The Wik Decision was crucial to the trajectory of ongoing land rights in Australia. Pertaining to a strip of land on the Cape York Peninsula in Queensland, this case was brought before the Federal Court of Australia in 1993 to determine the native title rights of the Wik (and at a later stage Thayorre) Peoples. The decision of the High Court in 1996 to rule in favour of the Wik Peoples marked a milestone development in determining the competing claims of native title and statutory leases.
5. The Commonwealth v ACT – 2013
It was only ever a gesture, but the ACT’s sheer defiance of politicised ideas of marriage was as satisfying as it was short-lived. Here the High Court struck down the whole of the Marriage Equality (Same Sex) Act 2013 (ACT) for inconsistency with its federal counterpart. Silver lining did exist, however, with the High Court clarifying the scope of s 51 (xxi) – the Marriage Power – as one that was broad enough to include members of the same sex. In the five-day window, despite the looming shadow of annulment, 27 couples were married under the Act. Calls for a conscience vote at a federal level soon followed.
4. Dietrich v the Queen – 1992
Olaf Dietrich was an unlikely champion of human rights. Charged with smuggling heroin in condoms, he was at trial refused legal aid unless he pled guilty. In his High Court appeal, Dietrich’s QC turned to the ICCPR (International Covenant on Civil and Political Rights), and common law tradition to justify his right to a fair trial – which he felt ought to be provided at the expense of the state, given the seriousness of his crimes. Despite the fact that Dietrich went on to commit three armed robberies, his case remains good law for the right to a fair trial in Australia, with some suggesting this right is implicit in our constitution.
3. Waltons Stores (Interstate) Ltd v Maher – 1988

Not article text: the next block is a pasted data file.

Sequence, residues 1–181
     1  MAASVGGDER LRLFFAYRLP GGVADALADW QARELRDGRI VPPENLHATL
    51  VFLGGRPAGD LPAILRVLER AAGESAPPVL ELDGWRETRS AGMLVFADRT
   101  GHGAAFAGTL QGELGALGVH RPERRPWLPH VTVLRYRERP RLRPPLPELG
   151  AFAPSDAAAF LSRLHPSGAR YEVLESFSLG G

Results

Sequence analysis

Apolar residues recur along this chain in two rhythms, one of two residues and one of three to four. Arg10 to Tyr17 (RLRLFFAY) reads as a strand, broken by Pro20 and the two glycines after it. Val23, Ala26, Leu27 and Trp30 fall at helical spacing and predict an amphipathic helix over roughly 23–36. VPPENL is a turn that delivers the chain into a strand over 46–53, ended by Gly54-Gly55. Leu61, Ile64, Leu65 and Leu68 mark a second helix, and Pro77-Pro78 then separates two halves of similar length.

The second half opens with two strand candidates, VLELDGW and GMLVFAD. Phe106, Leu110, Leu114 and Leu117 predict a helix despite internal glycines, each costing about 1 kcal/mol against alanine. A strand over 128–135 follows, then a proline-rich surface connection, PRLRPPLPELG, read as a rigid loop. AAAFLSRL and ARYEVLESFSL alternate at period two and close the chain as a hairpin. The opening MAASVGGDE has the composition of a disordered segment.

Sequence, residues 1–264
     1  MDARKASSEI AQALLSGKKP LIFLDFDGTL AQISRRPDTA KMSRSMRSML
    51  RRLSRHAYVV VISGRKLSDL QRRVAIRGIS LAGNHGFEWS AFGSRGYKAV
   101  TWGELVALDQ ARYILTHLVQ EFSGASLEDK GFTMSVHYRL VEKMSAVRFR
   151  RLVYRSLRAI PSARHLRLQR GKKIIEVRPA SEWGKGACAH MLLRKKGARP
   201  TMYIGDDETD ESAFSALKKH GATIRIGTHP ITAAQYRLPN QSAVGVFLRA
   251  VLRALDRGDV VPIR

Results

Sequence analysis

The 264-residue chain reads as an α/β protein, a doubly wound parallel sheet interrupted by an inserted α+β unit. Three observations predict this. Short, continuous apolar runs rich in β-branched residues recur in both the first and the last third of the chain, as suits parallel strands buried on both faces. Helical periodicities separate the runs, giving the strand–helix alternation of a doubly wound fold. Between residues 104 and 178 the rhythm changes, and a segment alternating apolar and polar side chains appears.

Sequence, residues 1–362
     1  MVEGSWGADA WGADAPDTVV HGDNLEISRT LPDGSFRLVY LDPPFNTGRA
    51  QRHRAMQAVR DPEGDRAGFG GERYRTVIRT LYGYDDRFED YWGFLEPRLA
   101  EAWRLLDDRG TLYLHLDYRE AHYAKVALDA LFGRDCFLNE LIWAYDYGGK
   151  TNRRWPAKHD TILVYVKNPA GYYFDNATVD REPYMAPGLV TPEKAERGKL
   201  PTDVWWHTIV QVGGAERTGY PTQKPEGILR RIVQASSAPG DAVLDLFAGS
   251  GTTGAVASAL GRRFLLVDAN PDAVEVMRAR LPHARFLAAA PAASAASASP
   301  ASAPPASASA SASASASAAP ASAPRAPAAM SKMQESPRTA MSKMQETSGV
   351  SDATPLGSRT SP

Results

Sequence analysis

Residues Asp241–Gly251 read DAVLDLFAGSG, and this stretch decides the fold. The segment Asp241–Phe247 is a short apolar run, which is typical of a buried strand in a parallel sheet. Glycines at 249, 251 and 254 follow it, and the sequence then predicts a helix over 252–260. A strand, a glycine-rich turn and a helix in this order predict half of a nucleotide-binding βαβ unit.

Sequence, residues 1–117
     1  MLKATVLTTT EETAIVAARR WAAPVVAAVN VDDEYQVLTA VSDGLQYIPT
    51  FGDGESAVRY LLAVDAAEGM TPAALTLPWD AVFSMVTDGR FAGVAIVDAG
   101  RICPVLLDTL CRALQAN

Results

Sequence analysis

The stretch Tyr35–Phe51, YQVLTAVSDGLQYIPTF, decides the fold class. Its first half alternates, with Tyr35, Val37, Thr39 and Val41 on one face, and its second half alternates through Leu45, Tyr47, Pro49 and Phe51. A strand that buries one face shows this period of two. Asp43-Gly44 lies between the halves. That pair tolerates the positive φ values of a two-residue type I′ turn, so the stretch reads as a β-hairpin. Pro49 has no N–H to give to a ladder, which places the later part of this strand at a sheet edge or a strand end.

On the facts, it’s just another failed contract. Mr and Mrs Maher left high and dry with a demolished, half-rebuilt building and no contract with Waltons; classic David and Goliath. Why does this case make the cut for top 10, then? As any good contracts law student will tell you, it’s the case that established promissory estoppel as its own cause of action – as a sword, instead of a shield. The harshness of contract law ameliorated by equity; allowing for damages to be sought and principles like ‘unconscionable conduct’ to be cited. Having led the Mahers to believe a contract was on foot, Waltons owed damages despite never actually signing the contract. Definitely a winning day for David.
2. Commonwealth v Tasmania – 1983
Known far and wide as simply “the Tasmanian Dam Case”, the second-most influential case on this list is renowned as equal parts constitutional landmark and environmental victory. The case, which saw the Federal and Tasmanian governments clashing heads in the High Court of Australia, involved the proposed construction of a hydroelectric dam on the World Heritage-listed Gordon River in south-west Tasmania. While the Tasmanian Government vied for its legal right to construct the dam, the Federal Government set out to oppose it, citing – among other things – Australia’s obligations under the World Heritage Convention
With the passing of the historic World Heritage Properties Conservation Act 1983, the Federal Government won a 4:3 majority ruling in the High Court, thereby setting a new legal precedent and preserving a slice of Australian wilderness in one fell swoop.
1. Mabo v Queensland (No 2) – 1992
In 2007, Prime Minister Kevin Rudd said sorry
to Indigenous Australians. It was an apology which would not have been possible without Mabo.
Taking the Number One spot on this list by a landslide, Mabo v Queensland (No 2) was responsible for negating the 17th century doctrine of terra nullius and inserting native title into Australian law. By doing so, it not only rewrote the bedrock of national land law, but also acknowledged Indigenous Australians as the original inhabitants of Australia.
The case, which spanned over 10 years, revolved around the Meriam People’s campaign to take legal ownership of their lands on the island of Mer in the Torres Strait. Despite staunch opposition from the Queensland Government and the death of two of the original five claimants before the case’s conclusion, the High Court inevitably ruled 6:1 in favour of the Meriam People. This in turn led to the Native Title Act in 1993, which allowed Indigenous people across Australia to claim traditional rights to unalienated land.
While Mabo v Queensland (No 2) was significant for so many reasons, the fact that it altered the very law on which this land mass was colonised makes it a worthy recipient of this list’s Number One ranking.